Quoting myself from IRC (as intro)
lgierth Mmiflow kythyria : - I know this is not a forum, but I did say I’d check back in, so here is a bit of an addendum (to the somewhat heated debate we had a couple days ago):
So - a late late addendum to my discussion here of IPFS, Filecoin, and changing the world for better (or not, as the case may be). Considering the length of time passed, and since I don’t want to put up a wall of text here, I’ll be posting in full to the IPFS forum and just linking here.
My gist is that with IPFS and Filecoin, its difficult for me to see what are ends and what are the means; project members have stated the view that Filecoin is a hack of the capitalist system to fund development of the IPFS protocols/implementations. But for me it could just as well be IPFS being developed to bring in a ton of money through Filecoin, for beneficiary unknown to me.
I only have pretty limited time for follow up here right now, so anybody wanting to debate, I suggest do so on the forum. Have a good time otherwise, and good luck I guess!
Ok - you say filecoin is a hack on the economy (a way to cash in on the value created by IPFS) ; but to me it could just as well be the other way round - building IPFS to make a big profit through filecoin. How am I to tell the difference ? After all, Protocol-labs is not a not-for profit, nor a B-Corp or a public-benefit corporation (all of which would indicate the company is not driven solely by profit-maximisation)!
So - stumbled over a debate along similar lines as mine in the IRC channel, read up on the YCombinator item it referenced, and skimmed the (very long) interview with the Protocol Labs founder I got pointed at - I guess giving him and you guys the benefit of doubt. I’m afraid my opinion has not really changed for it.
Ok, I think I’d no longer assert that you / Protocol Labs are wittingly trying to just “cash in” on the speculative bubble that cryptocurrencies by and large are. However, I still see the project largely as “part of the problem” rather than solution to the way the world is badly skewed in favor of the few over the many - even if well intentioned, and unwittingly so.
To illustrate - Juan Benet gives the example of Scientific databases being in a state of disarray (at least on the public facing side), and this being one motivation to develop a solution that makes it easy to keep them in good order (ie both available and versioned). To me though, this is a tech fix to a system problem: The economisation of science means that making and keeping data available to other scientists is not a high priority.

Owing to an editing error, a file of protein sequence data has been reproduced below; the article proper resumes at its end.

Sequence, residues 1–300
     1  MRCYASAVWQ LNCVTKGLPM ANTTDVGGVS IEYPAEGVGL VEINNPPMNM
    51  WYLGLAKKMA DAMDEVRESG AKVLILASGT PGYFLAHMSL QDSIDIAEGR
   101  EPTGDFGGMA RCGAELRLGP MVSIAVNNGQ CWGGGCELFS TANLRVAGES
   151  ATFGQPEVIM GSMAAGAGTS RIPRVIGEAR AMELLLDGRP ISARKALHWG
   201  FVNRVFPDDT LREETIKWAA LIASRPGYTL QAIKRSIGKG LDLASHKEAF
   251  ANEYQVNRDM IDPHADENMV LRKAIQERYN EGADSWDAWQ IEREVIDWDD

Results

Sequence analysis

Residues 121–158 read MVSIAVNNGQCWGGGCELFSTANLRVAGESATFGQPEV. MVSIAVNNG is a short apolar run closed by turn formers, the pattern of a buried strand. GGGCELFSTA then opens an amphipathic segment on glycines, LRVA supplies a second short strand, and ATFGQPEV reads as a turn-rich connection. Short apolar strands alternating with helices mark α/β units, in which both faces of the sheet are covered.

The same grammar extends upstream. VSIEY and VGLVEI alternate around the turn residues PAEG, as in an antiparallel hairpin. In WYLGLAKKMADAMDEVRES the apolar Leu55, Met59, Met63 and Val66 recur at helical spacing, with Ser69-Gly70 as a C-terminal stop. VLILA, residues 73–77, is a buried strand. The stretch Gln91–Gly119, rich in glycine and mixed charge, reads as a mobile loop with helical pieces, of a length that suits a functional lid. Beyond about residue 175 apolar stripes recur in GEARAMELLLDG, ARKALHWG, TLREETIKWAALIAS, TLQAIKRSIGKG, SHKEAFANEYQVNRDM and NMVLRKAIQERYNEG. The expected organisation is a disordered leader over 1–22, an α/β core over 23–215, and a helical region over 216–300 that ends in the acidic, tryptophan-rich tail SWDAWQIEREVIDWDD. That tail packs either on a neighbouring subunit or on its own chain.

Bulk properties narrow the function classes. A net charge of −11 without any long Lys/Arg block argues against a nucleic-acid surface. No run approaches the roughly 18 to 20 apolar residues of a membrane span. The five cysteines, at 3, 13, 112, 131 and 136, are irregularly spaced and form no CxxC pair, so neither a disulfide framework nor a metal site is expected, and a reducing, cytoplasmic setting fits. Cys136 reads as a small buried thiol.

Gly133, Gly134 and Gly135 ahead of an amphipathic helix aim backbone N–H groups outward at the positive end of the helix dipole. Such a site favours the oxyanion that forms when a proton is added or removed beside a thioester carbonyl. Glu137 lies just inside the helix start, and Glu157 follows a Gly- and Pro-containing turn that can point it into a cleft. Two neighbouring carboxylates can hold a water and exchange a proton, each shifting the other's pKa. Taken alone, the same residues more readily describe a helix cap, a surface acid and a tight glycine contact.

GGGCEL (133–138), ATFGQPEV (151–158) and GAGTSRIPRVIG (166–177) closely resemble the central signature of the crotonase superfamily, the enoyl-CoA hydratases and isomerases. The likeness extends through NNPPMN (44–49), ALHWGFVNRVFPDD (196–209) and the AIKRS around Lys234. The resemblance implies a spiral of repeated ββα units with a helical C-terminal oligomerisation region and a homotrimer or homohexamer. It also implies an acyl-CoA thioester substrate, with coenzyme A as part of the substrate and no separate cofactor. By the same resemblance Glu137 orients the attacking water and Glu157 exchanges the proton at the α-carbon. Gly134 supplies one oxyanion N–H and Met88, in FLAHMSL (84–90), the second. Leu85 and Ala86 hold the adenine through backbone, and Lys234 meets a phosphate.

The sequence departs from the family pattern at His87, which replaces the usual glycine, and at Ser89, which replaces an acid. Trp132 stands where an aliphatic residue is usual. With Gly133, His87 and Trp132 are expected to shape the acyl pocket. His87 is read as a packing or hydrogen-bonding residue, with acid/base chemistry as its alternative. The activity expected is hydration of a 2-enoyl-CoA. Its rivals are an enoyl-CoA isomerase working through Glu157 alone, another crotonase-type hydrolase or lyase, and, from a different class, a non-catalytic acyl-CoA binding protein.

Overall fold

So sure, making it easier to publish data (through IPFS) might lead to it becoming more commonly done. But the real problem is that the incentives are to get published in a high impact journal, and make sure you’re quicker than your competition while you’re at it; rather than do the best to get others to be able to build on your work. Of course some method of allocating research funding is necessary - and I can’t say I have a perfect solution handy. Also, the current system obviously does also drive some outstanding research and breakthroughs. I’m just convinced there could be so much more done with the resources available…
Anyway, so what would really be called for is fixing this underlying (arguably broken) system. And thats where I’d draw the analogy to the greater society - the system is basically broken, and that calls for fixing the system - not working within it to improve or refine small parts of its workings. There is my criticism of Protocol Labs approach - for me it doesn’t rise to the call of the ethos I see behind the “Open movement” - changing the way the world as a whole works, for the benefit of the many.
I think this fact is is what lead me to the feeling of being repelled at the very corporate and shiny website I (somewhat graphically) originally described (which for me reflects the reality of IPFS / Protocol Labs better than the view I had held previously).